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How an Business should restructure its debt

By: Jonathan Wernick, Corporate Finance Transactor, and Tsakane Maringa, Corporate Finance Analyst, Sasfin Capital

Balance sheet restructuring is the term used when a company reorganises its capital structure or mixture of debt and equity. During its lifecycle, a company may decide to restructure the way in which it funds its operations. More directly, should a company increase the amount of debt it carries relative to its equity or vice versa? 

How best to reconcile debt vs equity?

An important question for a business owner to ask is “What is the optimal mixture of debt and equity for their business?” The answer in short, is that it very much depends on the size, nature and operating structures of the business – in this space, these is no one-size-fits-all approach. For example, in South Africa, companies find themselves facing a rising interest rate environment and may be tempted to reduce the amount of debt they currently have on their balance sheets.  

It may seem simple enough that reducing debt to avoid higher interest payments would be the logical way to go, but it is not so simple.

The benefits of debt reduction

One positive aspect of reducing debt is that it would provide some relief to a company in the short and medium-term. With debt, there is an obligation to repay both the capital portion and interest portion of the loan. As interest rates continue to rise, it would be more difficult for a company to service its debt and in some cases a company may run the risk of defaulting on its loan repayments. Another positive aspect is that debt reduction could provide have positive growth impact on the company. For example, increased debt payments could put a strain on a company that is trying to grow as more cash is being used to service the debt.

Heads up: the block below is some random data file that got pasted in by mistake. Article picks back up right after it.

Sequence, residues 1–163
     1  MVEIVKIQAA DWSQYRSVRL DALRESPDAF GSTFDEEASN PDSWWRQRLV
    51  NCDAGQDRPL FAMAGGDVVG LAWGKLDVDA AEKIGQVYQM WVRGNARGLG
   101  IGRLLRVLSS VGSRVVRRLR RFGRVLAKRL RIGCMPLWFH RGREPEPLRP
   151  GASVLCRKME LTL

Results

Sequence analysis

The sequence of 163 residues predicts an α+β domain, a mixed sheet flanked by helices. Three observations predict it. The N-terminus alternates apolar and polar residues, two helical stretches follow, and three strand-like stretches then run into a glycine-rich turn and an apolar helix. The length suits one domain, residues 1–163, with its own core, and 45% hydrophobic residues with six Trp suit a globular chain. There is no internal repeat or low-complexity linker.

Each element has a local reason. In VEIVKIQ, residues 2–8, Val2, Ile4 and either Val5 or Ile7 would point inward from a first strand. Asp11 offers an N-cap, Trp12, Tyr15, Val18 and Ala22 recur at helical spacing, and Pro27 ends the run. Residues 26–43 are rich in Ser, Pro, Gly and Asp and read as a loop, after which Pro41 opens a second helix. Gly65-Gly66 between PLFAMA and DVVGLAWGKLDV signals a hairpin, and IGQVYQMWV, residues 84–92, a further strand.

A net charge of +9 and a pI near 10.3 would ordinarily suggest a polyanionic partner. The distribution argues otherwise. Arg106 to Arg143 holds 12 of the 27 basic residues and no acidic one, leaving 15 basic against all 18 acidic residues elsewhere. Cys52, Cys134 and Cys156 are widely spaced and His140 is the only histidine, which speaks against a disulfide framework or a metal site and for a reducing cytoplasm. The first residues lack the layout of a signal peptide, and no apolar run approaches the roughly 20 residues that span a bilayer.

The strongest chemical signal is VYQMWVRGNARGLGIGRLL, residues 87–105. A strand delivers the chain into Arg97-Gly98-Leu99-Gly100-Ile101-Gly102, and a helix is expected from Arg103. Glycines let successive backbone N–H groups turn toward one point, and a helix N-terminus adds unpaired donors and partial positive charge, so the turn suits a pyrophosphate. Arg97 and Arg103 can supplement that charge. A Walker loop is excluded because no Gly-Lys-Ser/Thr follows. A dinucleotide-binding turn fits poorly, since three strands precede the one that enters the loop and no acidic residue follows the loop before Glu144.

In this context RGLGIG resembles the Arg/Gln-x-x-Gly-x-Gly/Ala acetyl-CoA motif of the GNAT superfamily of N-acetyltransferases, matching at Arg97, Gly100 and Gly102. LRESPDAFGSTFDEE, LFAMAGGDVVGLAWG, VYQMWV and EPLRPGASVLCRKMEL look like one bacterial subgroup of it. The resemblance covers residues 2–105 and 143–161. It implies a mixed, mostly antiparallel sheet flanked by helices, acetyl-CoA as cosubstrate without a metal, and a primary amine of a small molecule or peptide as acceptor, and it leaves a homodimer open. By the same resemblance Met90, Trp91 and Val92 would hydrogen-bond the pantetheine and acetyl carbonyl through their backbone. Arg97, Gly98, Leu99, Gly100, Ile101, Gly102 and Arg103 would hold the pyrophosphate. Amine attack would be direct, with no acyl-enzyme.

Before reducing debt, one needs to consider how it would be reduced. If debt were to be reduced, cash that would be used to repay the debt would either have to come from an internal source, such as excess cash or the sale of assets, and if not available, then from an external source. If repaid using internal sources, this could have a negative impact on future growth prospects as the excess cash and assets sold to repay the debt could no longer be deployed to generate returns for the company.

 

If an external source were to provide the cash to repay the debt, this cash received from an external source would take the form of an equity investment. This could result in a dilution in shareholding for existing shareholders.

As can be seen, reducing a company’s debt burden to avoid rising interest rates is not quite as simple as it seems and needs to be considered carefully before any decisions are made.